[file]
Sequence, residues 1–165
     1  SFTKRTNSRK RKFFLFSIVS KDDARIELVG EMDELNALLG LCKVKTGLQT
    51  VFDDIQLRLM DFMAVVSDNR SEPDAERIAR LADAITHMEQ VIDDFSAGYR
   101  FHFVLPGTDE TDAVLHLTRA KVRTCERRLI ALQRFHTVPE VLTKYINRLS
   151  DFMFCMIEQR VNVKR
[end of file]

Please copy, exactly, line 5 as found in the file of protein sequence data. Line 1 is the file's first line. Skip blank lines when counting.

   151  DFMFCMIEQR VNVKR